Today, we’re diving into a topic that has been making headlines for years: “The Myth of the
Great Boomer Wealth Transfer.” It’s a notion that has captured the imagination of many, but
is it really as substantial as it seems? Let’s explore this intriguing topic.
The Boomer Wealth Transfer Hype
For some time now, there has been a pervasive belief that the baby boomer generation,
born between 1946 and 1964, is set to transfer an unprecedented amount of wealth to
younger generations. The logic goes that as boomers age and eventually pass away, they
will be passing down their accumulated assets to their children and grandchildren, creating a
massive intergenerational wealth transfer.
The Reality Check
While it’s true that baby boomers collectively hold a significant amount of wealth, the idea of
a “Great Boomer Wealth Transfer” has been somewhat oversimplified and inflated. Here are
some key reasons why the reality may be different:
1. Inequality Among Boomers: Not all baby boomers are equally wealthy. There is a wide
disparity in wealth among this generation. A small percentage of boomers have amassed
substantial assets, while a significant portion of the generation has limited wealth. This
means that the wealth transfer will be unevenly distributed.
2. Increased Longevity: Thanks to improvements in healthcare and quality of life, boomers
are living longer than previous generations. This has implications for when and how wealth
will be transferred. Many will require their assets to cover their expenses in their later years.
3. Rising Healthcare Costs: The cost of healthcare in the United States, and in many other
countries, has been steadily increasing. As boomers age, a significant portion of their wealth
may be spent on medical care, leaving less for inheritance.
4. Charitable Giving: A substantial number of boomers are committed to philanthropy.
Rather than passing all their wealth to heirs, they may choose to donate a significant portion
to charitable causes.
5. Economic and Market Fluctuations: Economic conditions and financial markets are
subject to fluctuations and uncertainties. The value of assets held by boomers can fluctuate,
impacting the amount that can be passed down.
6. Changing Family Dynamics: Family structures have evolved over the years. Not all
boomers have children, and some may choose to leave their wealth to non-traditional
beneficiaries, like friends, charitable organizations, or even pets.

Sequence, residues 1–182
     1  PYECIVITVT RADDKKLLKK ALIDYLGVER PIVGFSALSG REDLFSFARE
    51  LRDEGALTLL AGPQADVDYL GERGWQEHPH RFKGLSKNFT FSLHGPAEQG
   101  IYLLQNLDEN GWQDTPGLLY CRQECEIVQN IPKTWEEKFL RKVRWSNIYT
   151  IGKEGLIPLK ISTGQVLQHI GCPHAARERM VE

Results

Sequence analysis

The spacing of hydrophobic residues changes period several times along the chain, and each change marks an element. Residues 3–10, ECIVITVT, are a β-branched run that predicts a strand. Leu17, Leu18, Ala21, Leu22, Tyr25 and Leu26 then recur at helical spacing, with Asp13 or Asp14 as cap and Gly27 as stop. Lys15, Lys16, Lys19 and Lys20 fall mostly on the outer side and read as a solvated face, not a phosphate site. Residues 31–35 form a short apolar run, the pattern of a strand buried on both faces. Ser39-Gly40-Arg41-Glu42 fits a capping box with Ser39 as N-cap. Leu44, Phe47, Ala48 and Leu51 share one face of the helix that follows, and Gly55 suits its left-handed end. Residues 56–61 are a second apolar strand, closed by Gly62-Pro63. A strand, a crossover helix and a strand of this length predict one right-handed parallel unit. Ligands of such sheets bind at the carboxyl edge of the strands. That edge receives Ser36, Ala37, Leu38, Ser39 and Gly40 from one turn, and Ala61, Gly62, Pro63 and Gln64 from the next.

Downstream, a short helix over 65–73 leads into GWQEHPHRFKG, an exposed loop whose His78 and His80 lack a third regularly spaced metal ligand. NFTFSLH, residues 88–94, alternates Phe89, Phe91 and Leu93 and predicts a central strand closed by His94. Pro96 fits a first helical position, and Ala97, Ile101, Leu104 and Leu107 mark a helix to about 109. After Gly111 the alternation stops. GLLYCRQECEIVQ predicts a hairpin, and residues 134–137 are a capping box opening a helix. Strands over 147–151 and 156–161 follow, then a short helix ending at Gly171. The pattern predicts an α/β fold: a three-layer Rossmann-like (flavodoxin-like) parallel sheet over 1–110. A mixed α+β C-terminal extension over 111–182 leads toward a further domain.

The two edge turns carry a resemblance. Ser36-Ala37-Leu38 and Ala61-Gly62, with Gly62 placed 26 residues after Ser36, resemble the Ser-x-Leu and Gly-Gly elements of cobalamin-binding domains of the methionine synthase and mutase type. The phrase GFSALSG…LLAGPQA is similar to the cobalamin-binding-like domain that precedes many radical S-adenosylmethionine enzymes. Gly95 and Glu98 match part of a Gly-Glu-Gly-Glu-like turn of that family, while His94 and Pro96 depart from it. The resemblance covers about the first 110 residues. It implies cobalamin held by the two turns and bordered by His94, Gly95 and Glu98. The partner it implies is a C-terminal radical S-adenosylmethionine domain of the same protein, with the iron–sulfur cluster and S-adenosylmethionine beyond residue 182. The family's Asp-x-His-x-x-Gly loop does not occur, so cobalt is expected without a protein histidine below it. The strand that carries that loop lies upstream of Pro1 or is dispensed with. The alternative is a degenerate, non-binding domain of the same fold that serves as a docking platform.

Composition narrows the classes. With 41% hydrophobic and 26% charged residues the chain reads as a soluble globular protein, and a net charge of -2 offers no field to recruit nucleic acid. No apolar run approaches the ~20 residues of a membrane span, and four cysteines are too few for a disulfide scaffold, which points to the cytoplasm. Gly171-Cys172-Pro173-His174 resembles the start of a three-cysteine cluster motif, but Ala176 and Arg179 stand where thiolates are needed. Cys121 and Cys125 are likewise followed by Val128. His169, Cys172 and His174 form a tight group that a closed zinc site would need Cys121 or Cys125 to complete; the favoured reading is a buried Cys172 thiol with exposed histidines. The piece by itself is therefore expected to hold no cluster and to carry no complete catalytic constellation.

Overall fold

7. Debt and Expenses: Some boomers may carry substantial debt or have significant
financial responsibilities, such as caregiving for aging parents or supporting adult children.
This can reduce the amount available for inheritance.
What to Expect
For decades, researchers have hyped up the idea of the Great Wealth Transfer, painting a
picture of financial windfalls that would solve all our economic woes. But the truth is, unless
you’re already part of a wealthy family, the chances of striking it rich are slim.
Why does this myth persist? It conveniently fuels opposition against estate taxation, a
powerful tool in reducing income inequality. No one wants their potential inheritance taxed
away, especially when current exemptions are so generous. In fact, estates worth less than
$12.9 million are completely tax-free. Shockingly, only a minuscule 0.17% of estates were
taxed in the entire year of 2021, with a mere 6,000 estate-tax filings received by the IRS.
Instead of dreaming of trust-fund fortunes, let’s focus on the reality. Thousands of
hardworking individuals could benefit significantly from just a few thousand dollars to
alleviate credit card debt, afford a down payment on a home, or bolster their retirement
savings. However, the truth remains: the vast wealth accumulated by the baby boomer
generation won’t magically solve our financial problems as a nation. The death of the
wealthy won’t miraculously change wealth inequality or trigger an economic boom. Some
have money, but everyone will eventually pass away. Unfortunately, this doesn’t translate
into meaningful change for most of us.
Rees Bridges brings a unique value to the IFW as both a highly accomplished creative professional and a successful financial services executive to serve in his role as Senior VP, Marketing & Communications.
Over the last decade Rees has served as the lead marketing & communications professional for a Fortune 500 Financial Services firm. He oversaw all advisor marketing strategies, client communications, and the entire firms branding and marketing initiatives.
Rees continues to pursue his passions as a creative professional & musician for over 30 years, with an impressive profile and reputation as a designer, performer, teacher, and studio musician. Here is a little secret: He serves in the role as an international clinician for Mapex drums, Paiste Cymbals and held the record for world’s fastest drummer between 2006 and 2007.
Rees grew up in London, England and currently resides in Miami, Florida. When not at work, he enjoys spending time with family and friends, traveling, and indulging in his passions for music and creative pursuits.